This time of year I am almost giddy with all of the beautiful blossoms and foliage that are popping up all over the place. I may put the occasional flower in my hair or make a nice arrangement for the fireplace (the only place the cats can’t reach), but Bridget Beth Collins aka Flora Forager takes making the most from nature’s bounty to a whole other level. I first discovered her Instagram account when it was featured on another Instagram account. Instead of the “huh, that’s pretty” followed by the haphazard like and deftly moving on, I found myself fascinated by the image and the tiny bits and bobs it took to create it. Unfortunately, the other account didn’t have the artist tagged (rude), but a quick search on Pinterest got me not only a name, but several forms of social media that all contained lovely images for me to fawn over.
She makes the flower crowns for funsies, and I am so very jealous; I’d have one for every day of the week if I could.
This lovely little moth was the first image I was talking about. So delicate and beautifully composed, like something from a fairy tale.
I now follow Ms. Collins on Facebook as well; we could all use a bit of pretty to relieve the tedium of the incessant political debating, am I right? You can also find prints and books available on the artist’s website.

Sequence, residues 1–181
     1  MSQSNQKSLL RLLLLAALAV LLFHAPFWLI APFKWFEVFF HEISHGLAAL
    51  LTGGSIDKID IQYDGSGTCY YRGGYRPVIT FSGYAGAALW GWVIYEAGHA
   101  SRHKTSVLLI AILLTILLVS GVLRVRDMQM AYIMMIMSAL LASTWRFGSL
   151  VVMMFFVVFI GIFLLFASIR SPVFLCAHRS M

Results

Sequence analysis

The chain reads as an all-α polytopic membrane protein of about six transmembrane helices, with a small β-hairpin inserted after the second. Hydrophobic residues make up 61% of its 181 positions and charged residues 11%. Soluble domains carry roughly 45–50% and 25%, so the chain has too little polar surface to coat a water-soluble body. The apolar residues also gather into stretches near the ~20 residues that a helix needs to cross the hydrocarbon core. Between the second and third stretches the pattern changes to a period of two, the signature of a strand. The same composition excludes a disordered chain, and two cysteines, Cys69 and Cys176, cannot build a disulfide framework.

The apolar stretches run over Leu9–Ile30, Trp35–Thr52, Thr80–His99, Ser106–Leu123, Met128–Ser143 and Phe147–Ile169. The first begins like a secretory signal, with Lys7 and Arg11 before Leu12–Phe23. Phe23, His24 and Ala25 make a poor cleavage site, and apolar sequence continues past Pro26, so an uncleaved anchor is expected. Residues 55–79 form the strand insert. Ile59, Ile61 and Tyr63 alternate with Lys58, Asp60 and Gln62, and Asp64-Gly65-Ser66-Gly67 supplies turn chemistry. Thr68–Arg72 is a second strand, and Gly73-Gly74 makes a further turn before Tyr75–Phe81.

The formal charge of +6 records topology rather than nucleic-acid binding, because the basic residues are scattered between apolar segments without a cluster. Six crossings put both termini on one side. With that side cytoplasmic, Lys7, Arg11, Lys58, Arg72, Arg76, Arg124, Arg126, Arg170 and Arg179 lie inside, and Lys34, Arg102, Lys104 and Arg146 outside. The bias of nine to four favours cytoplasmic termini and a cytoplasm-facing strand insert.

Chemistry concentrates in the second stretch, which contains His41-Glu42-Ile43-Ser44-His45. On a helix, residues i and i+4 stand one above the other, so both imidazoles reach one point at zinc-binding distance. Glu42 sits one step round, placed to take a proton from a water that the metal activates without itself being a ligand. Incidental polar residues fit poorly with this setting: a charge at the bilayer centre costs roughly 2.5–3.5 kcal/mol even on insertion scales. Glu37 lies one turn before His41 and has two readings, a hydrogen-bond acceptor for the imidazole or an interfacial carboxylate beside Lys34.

All images are from here.
Before all the mess that happened in December, I hadn’t been back to the town where I grew up since my wedding shower, almost seven years ago. I figured since we were there, it wouldn’t be a horrible idea to schedule in a few “fun” activities to give us a break from all the stress and sadness. One of the places at the top of the “to do” list was Bok Tower Gardens. Bok Tower has been around since 1929, a generous gift to the American people from immigrant Edward W. Bok as a token of appreciation for all of the wonderful opportunities he’d found in our country.